Buffett's Mega-Gift

The Sage of Omaha's $31 billion gift to the Bill & Melinda Gates Foundation will help it tackle some of the world's most vexing problems

Warren Buffett, the world's second-wealthiest man, handed over the vast majority of his riches on June 26 to the foundation run by Bill Gates, the world's wealthiest man. The gift, made in Berkshire Hathaway (BRK.B) stock, could ultimately double the size of the Bill & Melinda Gates Foundation, to $60 billion, creating a mega-philanthropy the likes of which the world has never seen.

With the new money, the foundation will hand out a staggering $3 billion a year in grants. It creates unprecedented resources that the Gateses will use to address such vexing problems as AIDS, tuberculosis, and malaria in developing nations, and the high school dropout rate in the U.S. (see BusinessWeek.com, 6/26/06, "Bill Gates Gets Schooled"). "The implications are that the Gates Foundation is going to be able to make a much more significant impact on the problems of the poorest of the poor, and they'll be able to achieve more quickly some of their goals in terms of treating and curing problems facing people now," Melissa Berman, president and chief executive of Rockefeller Philanthropy Advisors, a wealth advisory firm (see BusinessWeek.com, 6/27/06, "Great News for the World").


Buffett handed over the money, representing roughly 85% of his fortune, in a ceremony at the New York Public Library, attended by heads of charitable organizations and philanthropists such as David Rockefeller. There, Buffett signed documents making an "irrevocable commitment" of annual gifts, transferring funds to foundations run by his three children, a fourth foundation set up with his wife, who died in 2004, and the Gates Foundation. Buffett pledged 10 million Berkshire Class B shares, currently worth $30.7 billion, to the Gates Foundation. He pledged another 2.05 million Class B shares to his other family foundations.

Even as he amassed his great wealth, Buffett, 75, never imagined he'd be the one giving it away. He had always said it would go to charity, but he expected that his wife would survive him and manage the philanthropy. "I thought the odds were good that she would survive me," Buffett said. After her death, he began talking with Bill Gates, a close friend 25 years his junior, about shifting the funds to his foundation.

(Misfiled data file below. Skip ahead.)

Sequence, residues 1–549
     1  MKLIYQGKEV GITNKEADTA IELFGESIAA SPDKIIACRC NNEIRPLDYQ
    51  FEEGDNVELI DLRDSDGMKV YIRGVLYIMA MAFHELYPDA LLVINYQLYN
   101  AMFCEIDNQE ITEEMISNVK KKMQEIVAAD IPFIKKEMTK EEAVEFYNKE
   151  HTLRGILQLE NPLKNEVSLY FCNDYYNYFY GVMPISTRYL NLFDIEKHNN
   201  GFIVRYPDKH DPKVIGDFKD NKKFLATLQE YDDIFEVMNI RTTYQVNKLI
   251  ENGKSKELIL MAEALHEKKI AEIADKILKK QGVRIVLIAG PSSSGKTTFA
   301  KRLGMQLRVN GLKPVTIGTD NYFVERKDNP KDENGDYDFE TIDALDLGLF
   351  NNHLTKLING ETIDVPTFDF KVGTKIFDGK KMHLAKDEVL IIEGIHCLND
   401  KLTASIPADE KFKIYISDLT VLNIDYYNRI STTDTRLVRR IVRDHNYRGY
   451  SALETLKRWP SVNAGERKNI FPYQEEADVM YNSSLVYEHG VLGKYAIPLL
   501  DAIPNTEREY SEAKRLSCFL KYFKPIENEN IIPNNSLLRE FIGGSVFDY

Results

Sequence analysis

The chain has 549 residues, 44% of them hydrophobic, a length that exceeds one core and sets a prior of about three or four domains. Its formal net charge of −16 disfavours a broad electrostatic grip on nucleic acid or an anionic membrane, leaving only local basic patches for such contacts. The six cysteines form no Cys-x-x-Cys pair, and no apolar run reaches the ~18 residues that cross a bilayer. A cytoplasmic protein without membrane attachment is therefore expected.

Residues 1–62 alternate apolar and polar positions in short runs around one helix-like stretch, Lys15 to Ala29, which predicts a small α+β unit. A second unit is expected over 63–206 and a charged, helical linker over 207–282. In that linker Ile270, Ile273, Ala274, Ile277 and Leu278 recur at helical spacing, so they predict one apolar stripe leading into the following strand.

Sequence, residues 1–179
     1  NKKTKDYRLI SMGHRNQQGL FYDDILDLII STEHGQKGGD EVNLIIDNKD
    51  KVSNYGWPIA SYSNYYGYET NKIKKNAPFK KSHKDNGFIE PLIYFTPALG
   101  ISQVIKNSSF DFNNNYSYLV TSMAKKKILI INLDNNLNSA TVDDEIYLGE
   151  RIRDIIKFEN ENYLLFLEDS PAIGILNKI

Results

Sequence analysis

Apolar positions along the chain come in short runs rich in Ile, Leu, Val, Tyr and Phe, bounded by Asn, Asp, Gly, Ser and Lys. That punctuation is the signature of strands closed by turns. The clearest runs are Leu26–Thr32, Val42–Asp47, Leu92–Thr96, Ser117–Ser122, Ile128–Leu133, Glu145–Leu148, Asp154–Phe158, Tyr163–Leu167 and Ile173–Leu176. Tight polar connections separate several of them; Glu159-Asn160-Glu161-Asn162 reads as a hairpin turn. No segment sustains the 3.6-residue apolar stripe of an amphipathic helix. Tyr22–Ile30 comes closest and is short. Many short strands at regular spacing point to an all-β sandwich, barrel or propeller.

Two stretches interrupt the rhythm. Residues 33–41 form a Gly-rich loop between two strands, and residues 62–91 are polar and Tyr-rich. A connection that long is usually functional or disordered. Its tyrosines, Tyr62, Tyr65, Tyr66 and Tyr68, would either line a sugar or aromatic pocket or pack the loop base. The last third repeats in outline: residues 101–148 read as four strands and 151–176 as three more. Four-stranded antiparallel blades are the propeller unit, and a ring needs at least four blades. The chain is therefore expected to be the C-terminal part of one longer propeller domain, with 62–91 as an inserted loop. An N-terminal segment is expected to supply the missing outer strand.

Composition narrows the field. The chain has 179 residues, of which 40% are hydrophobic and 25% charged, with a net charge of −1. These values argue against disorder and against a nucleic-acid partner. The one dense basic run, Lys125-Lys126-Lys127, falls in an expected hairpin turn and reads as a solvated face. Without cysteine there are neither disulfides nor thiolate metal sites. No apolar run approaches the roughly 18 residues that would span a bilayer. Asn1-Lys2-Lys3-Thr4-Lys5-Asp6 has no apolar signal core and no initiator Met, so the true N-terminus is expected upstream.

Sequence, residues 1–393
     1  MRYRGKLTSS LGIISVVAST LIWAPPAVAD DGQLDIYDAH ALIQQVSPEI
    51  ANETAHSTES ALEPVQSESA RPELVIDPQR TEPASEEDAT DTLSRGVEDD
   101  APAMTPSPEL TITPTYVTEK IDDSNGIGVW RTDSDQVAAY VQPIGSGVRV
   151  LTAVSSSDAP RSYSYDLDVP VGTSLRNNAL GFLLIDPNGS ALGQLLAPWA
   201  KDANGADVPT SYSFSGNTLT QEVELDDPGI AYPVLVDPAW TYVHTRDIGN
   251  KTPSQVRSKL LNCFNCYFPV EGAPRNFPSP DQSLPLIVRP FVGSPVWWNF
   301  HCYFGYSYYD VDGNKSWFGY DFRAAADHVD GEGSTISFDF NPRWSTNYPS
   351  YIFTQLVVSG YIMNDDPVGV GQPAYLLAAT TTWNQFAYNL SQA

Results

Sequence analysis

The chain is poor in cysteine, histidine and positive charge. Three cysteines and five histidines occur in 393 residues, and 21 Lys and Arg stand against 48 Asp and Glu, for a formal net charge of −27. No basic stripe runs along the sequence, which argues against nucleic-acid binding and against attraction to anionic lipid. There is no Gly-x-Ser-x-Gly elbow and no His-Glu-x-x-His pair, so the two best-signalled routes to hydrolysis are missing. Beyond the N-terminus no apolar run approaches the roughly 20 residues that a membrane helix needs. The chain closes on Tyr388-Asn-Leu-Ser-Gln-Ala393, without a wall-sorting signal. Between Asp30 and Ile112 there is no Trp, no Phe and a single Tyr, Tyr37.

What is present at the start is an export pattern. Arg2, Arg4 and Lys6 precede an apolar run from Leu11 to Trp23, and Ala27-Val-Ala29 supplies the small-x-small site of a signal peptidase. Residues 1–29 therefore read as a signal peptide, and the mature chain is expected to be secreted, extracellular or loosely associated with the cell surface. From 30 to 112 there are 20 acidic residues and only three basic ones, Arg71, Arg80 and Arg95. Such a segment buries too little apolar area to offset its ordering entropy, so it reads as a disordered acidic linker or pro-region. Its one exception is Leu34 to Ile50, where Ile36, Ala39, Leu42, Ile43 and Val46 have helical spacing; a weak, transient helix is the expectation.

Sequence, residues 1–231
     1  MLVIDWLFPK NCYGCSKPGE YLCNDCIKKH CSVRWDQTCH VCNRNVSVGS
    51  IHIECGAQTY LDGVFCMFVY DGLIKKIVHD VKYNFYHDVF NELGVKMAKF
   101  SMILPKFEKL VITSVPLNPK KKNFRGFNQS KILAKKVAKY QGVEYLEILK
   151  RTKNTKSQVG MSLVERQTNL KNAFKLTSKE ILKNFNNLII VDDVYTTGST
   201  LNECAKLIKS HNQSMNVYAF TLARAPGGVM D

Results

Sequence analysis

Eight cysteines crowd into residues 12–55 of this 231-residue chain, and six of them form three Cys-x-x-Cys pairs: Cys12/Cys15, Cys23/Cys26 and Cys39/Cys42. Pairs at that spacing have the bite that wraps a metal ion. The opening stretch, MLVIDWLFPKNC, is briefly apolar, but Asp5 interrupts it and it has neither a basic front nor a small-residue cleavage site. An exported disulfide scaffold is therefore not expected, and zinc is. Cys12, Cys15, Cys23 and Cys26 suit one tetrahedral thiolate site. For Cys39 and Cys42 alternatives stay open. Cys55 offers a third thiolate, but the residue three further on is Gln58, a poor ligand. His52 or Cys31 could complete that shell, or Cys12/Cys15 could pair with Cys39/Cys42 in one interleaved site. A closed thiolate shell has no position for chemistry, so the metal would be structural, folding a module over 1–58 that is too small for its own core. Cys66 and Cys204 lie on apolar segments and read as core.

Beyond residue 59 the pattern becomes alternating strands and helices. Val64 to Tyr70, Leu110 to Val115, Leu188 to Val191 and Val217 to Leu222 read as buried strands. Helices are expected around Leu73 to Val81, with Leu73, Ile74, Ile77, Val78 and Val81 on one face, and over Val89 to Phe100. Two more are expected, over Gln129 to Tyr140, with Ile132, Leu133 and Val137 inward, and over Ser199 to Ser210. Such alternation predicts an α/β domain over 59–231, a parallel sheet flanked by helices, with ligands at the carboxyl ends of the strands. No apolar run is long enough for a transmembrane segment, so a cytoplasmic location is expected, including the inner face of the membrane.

Buffett had very little structure in place to dispense his wealth. His foundation, Susan Thompson Buffett Foundation, named after his wife, has a staff of five. The Gates Foundation, which has grown in recent years with the Gateses' own philanthropy, employs nearly 300, and will grow as a result of this gift.


Rather than trying to build that scale, potentially wasting time and money in the process, Buffett opted to give the money where he felt it would most wisely spent. "I've watched the Gates Foundation for a number of years," Buffett said. "I wouldn't be surprised if they actually became more efficient, more effective per dollar spent, in doubling the funds." One condition of Buffett's gift is that one of the two Gateses must remain active at the foundation for his money to continue flowing.

What's more, Buffett said he doesn't think he'd be particularly good at running a charitable foundation on his own. First, he continues to love his job. "I tap-dance to work," Buffett said. But more important, he says he would struggle with the failures that are endemic to philanthropy. He recognizes that the foundation will have its missteps along the way. "There's actual value in doing things that don't work," Buffett says. "You're saving society from repeating those mistakes in the future."

Buffett and Bill Gates have developed an extraordinarily close relationship over the years. The play bridge online and often vacation together. Gates, who announced plans on June 15 to focus the bulk of his time two years from now on his foundation instead of Microsoft (MSFT) (see BusinessWeek.com, 6/16/06, "Bill Gates's Long Goodbye"), describes his feelings toward Buffett with a reverence that's rare from him. And his elation to see his philanthropy grow comes with a bit of trepidation in the trust Buffett has placed in him. "Now that the money is going to be as much Warren's as it is going to be the money that my job helped create, it's almost scary," Gates said. "If I make a mistake with my own money, it doesn't feel the same."


The foundation doesn't plan to change its focus with the new funds. But Melinda Gates says the money will allow it to better resolve inequities that plague the world. Already, the foundation is expanding its global health efforts to help people in developing nations become more self-sufficient. It has made some small grants in the area of micro-lending, and it's helping fund biotech efforts to improve agriculture in regions where crops don't grow well. "We will deepen the work, particularly in the health area," Melinda Gates says (see BusinessWeek.com, 6/16/06, "The Education of Bill and Melinda").

In giving away the money, Buffett was ebullient. As he signed the documents transferring his wealth to his children, he commented on how colloquial the documents were, like the one for his daughter, Susan, that started with the salutation: "Dear Sooz." He even joked that he needed to make sure that none of the documents began with "Dear Anna Nicole Smith."